World AIDS Day 2010: A Time of Renewed Hope

Dec 01, 2010, 07:00 ET from HIV Vaccine Trials Network

SEATTLE, Dec. 1, 2010 /PRNewswire-USNewswire/ -- World AIDS Day 2010 comes at a time of renewed hope in the HIV prevention field.  In the past 15 months, scientific research has delivered exciting results in the fight against HIV.  A vaccine study in Thailand, a microbicide study in South Africa and a multi-country study on the use of HIV drugs to prevent infection have all demonstrated a level of efficacy that brings new hope for the prevention of HIV.  

Unfortunately, many of these proven prevention techniques require specific actions to ensure their effectiveness.  Condoms and microbicides need to be used when intercourse is expected, and pre-exposure prophylaxis has been tested as a daily pill.  However for these techniques to be effective, people must change behaviors.   We know this is unrealistic and we understand that the AIDS epidemic will not end through any single method that requires someone to use it on a regular basis.

Vaccines hold great promise as a means to end the AIDS epidemic.  Historically they been one of the most effective ways to break epidemics; this has been seen with polio, smallpox and measles, to name a few.  With a few shots, an individual is given protection that will last for several years.  Additionally, once a significant portion of a community is vaccinated, the amount of virus circulating in the community drops, providing "herd immunity" for the entire community.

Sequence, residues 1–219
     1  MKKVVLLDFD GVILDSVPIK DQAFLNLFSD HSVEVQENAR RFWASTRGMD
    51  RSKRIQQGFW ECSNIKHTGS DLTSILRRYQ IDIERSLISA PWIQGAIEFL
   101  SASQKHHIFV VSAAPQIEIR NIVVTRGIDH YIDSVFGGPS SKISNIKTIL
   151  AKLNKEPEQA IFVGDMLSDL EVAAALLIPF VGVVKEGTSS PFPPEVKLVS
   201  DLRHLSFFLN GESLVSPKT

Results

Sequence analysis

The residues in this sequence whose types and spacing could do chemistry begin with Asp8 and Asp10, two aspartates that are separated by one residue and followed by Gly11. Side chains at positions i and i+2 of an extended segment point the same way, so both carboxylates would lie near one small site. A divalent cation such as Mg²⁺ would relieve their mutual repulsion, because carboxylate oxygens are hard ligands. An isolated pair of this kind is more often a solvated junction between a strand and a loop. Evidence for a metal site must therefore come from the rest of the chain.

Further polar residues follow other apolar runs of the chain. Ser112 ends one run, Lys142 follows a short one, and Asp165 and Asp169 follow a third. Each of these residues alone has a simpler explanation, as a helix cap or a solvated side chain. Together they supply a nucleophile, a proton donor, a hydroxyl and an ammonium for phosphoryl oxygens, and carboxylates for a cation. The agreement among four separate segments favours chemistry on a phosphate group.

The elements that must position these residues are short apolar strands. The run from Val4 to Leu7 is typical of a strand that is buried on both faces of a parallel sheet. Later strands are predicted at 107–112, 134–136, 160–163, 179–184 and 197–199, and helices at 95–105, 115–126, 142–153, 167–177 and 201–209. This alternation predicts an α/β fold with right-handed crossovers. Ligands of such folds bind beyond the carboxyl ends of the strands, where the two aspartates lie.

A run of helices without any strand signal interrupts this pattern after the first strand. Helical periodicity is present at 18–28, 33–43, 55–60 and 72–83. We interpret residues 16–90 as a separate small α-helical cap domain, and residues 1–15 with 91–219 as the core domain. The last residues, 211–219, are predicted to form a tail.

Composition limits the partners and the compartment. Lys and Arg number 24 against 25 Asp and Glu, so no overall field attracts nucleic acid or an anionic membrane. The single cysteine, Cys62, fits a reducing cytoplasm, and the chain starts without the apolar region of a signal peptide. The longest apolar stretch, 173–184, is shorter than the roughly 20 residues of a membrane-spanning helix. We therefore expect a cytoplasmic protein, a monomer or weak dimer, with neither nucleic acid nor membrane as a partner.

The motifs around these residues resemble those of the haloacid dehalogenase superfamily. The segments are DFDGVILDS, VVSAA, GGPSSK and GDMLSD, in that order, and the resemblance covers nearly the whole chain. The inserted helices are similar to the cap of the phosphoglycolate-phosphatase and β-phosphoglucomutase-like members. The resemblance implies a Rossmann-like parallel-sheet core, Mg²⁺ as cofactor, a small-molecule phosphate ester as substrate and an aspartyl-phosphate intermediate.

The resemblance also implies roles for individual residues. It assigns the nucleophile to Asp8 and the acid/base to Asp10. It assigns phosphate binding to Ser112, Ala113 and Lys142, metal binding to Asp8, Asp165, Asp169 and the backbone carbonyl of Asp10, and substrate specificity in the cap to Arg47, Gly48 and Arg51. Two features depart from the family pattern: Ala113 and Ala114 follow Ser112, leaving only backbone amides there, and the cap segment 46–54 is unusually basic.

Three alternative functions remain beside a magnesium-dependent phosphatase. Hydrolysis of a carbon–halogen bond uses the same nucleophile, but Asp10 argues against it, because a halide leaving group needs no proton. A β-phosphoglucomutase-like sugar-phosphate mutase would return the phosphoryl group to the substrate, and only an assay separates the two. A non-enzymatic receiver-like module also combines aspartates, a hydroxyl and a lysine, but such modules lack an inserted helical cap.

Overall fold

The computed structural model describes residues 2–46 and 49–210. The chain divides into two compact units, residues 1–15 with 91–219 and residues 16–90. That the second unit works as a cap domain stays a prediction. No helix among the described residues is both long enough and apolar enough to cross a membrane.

And so, despite dramatic advances in many prevention strategies, research to find a safe, effective, affordable and durable vaccine to prevent HIV infection must continue.  We will do this in the memory of the millions of people who have been lost to AIDS, and in anticipation of a time when loving someone no longer means fearing the risk of HIV infection.

Dr. Kublin is the Director of the HIV Vaccine Trials Network (HVTN), based at Fred Hutchinson Cancer Research Center in Seattle, Washington.  HVTN, funded and supported by the National Institutes of Allergy and Infectious Diseases at the U.S. National Institutes of Health, is the largest international group conducting HIV vaccine studies in humans.  For more information:

SOURCE HIV Vaccine Trials Network